Enhanced adverse electrophysiologic effects of histamine after myocardial infarction in guinea pigs

J. S. Cameron, M. S. Gaide, P. L. Goad, C. B. Altman, J. Cuevas, R. J. Myerburg, A. L. Bassett

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16 Scopus citations


To evaluate the electropysiological sensitivity of infarcted myocardium to histamine, we used microelectrodes to study its effects in isolated guinea-pig left ventricles 1 hr (acute), 24 hr (subacute) and 4 to 6 weeks (chronic) after multiple (6-8) ligations of the left coronary artery system. In both control and infarcted preparations, histamine (10-8 to 10-5 M) caused marked concentration-dependent increases in automaticity. Histamine also induced rhythm disturbances, including premature depolarizations, irregular patterns of spontaneous depolarization and spontaneous bursts of rapid ventricular activity. In each cae, threshold concentrations for these effects were lowest in the preparations with infarcts. Cimetidine (10-5 M) abolished the arrhythmogenic effects of histamine, whereas chlorpheniramine (10-5 M) did not; beta adrenergic blockade induced by propranolol also had no effect. The effects of histamine were mimicked in normal hearts by the H2-agonist dimaprit. These data indicate that threshold concentrations of histamine induce rhythm disturbances in the setting of experimental myocardial infarction. We suggest histamine plays some role in arrhythmias associated with myocardial infarction in humans.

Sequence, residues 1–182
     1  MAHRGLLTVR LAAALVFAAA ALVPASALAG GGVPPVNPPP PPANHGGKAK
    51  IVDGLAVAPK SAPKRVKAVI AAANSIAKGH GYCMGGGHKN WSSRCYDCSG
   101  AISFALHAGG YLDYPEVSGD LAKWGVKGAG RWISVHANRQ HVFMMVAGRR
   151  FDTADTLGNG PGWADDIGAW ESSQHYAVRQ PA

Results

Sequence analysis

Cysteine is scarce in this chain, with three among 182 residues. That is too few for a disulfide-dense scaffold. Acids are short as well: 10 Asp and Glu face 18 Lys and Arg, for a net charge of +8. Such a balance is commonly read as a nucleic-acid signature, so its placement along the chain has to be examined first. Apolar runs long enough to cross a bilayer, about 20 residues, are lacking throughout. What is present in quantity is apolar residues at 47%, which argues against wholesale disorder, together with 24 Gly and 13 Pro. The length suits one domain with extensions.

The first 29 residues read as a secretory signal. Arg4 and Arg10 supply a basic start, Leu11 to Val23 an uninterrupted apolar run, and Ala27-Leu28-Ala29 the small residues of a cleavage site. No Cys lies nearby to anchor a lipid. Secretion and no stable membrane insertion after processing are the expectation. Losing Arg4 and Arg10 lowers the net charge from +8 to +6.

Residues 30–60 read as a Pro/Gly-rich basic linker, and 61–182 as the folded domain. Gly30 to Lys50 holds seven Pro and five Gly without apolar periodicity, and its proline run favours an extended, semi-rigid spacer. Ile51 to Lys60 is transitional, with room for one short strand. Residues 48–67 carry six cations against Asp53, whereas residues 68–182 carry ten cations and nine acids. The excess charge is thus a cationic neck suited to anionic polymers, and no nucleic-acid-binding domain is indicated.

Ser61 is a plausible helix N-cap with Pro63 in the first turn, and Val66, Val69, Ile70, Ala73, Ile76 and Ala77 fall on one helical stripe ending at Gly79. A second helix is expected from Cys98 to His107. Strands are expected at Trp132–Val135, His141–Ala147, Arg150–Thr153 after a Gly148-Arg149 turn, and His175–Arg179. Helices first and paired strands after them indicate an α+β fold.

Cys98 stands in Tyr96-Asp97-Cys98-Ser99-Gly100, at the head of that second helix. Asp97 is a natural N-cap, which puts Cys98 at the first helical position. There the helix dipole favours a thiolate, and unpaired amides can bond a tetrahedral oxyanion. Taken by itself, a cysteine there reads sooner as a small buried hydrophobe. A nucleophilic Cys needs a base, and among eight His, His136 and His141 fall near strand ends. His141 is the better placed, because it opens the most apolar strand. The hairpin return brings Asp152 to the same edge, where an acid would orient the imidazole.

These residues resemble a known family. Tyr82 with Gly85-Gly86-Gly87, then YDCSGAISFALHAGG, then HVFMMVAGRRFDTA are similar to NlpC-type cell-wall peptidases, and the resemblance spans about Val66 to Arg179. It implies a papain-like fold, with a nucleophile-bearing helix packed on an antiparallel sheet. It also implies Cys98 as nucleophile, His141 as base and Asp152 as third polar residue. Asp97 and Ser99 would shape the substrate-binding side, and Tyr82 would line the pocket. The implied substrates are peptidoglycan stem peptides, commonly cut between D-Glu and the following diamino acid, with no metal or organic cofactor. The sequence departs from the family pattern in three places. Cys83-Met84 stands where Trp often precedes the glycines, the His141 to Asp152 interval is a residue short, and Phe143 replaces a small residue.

Original languageEnglish (US)
Pages (from-to)480-484
Number of pages5
JournalJournal of Pharmacology and Experimental Therapeutics
Issue number2
StatePublished - 1985
Externally publishedYes

ASJC Scopus subject areas

  • Molecular Medicine
  • Pharmacology


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